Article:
Turbidity in liquids is caused by small suspended (undissolved) particles having a different refractive index than the surrounding medium. This interference results in reflection, absorption and scattering, i.e. a directional change of the irradiated light. With increasing particle concentrations the intensity of the scattered light is increasing and reaching a maximum which is influenced by the wavelength of the light, size and form of the particles, the refractive index and the color of the solution. The two most important factors influencing the intensity and the spatial distribution of the scattered light are the wavelength of the light and the size of the particles. In most biological applications the size of the particles is within a high nanometer- (100 - 500 nm, colloids) to a mid-micrometer range (0.5 - 5 μm cells). The wavelengths applied in turbidity measurements are usually in the near infrared range (NIR 700-1000 nm) to eliminate the influence of any colored substances. Since, especially for bigger particles, the angular intensity distribution of the scattered light around a particle is not symmetrical  (Fig 1.), the angle between the emission light beam and the detector is of critical importance when measuring turbidity. Besides measuring scatter at defined angles, also the absorption of the light can be used to measure turbidity. With the exception of back-scatter, scatter measurements are ideally suited to monitor very low turbidity values whereas the absorption or back-scatter approach can be used to measure extremely high turbidity values (Fig. 2).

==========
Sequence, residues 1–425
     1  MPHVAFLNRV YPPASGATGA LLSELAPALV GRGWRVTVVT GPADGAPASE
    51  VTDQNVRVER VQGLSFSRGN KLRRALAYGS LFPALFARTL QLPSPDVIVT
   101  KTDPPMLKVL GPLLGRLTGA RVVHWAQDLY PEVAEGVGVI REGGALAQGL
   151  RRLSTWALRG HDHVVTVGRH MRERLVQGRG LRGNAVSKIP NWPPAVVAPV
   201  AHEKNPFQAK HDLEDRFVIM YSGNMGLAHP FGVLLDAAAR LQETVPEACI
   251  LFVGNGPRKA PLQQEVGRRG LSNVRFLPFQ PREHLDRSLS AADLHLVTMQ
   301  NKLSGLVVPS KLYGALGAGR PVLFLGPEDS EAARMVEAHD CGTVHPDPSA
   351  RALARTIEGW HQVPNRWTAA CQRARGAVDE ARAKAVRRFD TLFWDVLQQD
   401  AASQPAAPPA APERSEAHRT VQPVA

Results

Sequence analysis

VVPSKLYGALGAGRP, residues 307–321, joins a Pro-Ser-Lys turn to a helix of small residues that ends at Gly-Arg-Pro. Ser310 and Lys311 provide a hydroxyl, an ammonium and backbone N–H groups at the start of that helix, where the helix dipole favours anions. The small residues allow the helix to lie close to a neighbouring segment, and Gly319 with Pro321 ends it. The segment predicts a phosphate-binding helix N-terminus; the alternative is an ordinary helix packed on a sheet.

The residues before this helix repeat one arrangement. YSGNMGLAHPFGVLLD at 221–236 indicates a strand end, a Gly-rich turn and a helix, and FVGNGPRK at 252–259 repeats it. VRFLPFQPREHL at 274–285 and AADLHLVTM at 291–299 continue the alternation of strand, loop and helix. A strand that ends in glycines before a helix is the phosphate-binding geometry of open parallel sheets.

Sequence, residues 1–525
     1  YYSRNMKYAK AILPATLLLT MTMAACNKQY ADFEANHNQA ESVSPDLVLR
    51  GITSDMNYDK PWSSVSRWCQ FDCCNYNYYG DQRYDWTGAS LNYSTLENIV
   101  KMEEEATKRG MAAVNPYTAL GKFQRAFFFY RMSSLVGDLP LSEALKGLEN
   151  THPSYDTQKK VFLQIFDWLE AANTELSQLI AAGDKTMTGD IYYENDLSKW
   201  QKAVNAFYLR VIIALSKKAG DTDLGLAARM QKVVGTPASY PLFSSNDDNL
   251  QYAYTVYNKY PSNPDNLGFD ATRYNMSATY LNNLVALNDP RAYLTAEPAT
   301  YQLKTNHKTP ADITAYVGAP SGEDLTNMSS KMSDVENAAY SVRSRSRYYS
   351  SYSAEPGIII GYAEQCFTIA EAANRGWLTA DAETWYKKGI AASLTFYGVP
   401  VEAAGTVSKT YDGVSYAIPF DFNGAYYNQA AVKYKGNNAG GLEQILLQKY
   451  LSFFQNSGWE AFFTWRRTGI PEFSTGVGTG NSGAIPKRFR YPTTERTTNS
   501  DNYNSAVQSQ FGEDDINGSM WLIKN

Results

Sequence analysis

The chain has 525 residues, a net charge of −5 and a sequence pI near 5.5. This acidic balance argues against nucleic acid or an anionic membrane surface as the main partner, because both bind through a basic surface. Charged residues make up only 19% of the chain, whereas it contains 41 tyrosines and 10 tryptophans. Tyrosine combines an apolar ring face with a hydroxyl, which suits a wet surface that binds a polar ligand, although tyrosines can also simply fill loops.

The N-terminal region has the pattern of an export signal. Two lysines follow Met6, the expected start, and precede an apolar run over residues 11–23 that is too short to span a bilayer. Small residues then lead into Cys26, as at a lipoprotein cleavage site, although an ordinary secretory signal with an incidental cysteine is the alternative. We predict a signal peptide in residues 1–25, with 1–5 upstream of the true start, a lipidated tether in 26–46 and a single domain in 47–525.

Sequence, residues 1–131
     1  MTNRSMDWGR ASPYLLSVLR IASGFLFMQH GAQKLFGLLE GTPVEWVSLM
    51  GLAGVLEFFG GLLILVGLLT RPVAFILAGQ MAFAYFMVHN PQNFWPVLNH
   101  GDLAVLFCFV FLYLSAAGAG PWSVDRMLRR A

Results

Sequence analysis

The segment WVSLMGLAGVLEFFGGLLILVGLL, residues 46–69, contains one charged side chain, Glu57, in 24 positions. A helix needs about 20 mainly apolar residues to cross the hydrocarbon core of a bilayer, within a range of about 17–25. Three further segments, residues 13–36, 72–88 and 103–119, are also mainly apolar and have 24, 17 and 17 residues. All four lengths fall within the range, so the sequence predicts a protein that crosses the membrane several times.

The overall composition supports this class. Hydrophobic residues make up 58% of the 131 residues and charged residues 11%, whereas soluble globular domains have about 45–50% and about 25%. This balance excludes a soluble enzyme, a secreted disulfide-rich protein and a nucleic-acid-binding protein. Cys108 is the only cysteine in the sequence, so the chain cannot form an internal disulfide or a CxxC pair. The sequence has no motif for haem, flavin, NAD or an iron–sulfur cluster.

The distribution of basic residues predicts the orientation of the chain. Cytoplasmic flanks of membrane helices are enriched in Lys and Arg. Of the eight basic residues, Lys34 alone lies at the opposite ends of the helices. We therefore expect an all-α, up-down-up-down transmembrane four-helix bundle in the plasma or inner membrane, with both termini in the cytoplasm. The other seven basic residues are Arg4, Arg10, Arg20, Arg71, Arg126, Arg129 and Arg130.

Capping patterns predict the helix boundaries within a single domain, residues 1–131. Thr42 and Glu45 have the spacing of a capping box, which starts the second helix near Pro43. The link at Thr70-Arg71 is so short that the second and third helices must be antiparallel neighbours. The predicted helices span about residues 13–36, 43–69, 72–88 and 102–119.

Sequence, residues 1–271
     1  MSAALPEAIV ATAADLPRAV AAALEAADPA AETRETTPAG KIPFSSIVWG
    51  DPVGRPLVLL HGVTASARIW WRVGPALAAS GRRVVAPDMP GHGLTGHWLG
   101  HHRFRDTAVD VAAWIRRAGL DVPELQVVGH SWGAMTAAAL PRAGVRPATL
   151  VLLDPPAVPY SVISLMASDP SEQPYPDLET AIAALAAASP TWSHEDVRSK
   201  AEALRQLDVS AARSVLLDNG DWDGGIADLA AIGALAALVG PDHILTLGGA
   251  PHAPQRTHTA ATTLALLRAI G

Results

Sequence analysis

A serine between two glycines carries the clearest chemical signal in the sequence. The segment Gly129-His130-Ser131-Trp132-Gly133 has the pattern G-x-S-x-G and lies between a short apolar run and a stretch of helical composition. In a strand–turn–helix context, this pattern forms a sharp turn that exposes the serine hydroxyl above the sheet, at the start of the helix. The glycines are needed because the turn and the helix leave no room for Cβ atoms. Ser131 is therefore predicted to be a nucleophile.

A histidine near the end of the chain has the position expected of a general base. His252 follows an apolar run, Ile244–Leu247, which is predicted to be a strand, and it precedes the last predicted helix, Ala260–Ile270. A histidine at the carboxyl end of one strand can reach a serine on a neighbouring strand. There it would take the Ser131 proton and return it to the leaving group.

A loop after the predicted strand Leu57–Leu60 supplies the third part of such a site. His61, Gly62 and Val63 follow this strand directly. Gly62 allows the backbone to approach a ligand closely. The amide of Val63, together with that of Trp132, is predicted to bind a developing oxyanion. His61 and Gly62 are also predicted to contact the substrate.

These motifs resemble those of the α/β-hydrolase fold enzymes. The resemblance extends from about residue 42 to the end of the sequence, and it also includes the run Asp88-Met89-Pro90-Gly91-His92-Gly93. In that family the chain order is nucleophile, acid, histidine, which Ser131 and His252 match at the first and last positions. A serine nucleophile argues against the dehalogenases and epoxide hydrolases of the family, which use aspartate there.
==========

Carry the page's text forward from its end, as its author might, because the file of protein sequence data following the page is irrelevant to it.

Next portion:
Measuring Scatter – Angular Dependence
Turbidity measurements using a detection angle of 90° (side scatter) are most sensitive to particles in the size range of 0.1-0.5 μm  e.g., colloids, which is why this approach is described and commonly used for quality measurements in beer and drinking water.